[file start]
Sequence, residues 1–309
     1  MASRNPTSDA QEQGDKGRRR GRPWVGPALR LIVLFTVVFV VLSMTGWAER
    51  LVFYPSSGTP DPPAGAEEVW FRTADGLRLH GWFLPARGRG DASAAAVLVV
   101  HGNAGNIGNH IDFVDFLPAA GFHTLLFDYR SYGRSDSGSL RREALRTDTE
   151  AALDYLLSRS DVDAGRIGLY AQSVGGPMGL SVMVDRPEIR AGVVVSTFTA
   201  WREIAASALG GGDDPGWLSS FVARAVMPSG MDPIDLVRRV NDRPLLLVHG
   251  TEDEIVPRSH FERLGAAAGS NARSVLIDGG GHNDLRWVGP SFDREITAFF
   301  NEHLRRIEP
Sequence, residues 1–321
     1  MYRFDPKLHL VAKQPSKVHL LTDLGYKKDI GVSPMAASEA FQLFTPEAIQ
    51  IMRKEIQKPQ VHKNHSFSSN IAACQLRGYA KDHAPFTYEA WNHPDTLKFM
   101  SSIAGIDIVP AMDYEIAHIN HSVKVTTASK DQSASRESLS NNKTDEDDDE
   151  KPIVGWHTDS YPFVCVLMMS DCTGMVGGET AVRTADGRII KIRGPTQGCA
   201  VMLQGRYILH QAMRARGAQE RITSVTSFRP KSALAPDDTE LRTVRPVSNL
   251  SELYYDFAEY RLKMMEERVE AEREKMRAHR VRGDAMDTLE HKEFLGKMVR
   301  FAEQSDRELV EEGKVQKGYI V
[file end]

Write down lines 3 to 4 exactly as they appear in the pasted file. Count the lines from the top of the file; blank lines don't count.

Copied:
    51  LVFYPSSGTP DPPAGAEEVW FRTADGLRLH GWFLPARGRG DASAAAVLVV
   101  HGNAGNIGNH IDFVDFLPAA GFHTLLFDYR SYGRSDSGSL RREALRTDTE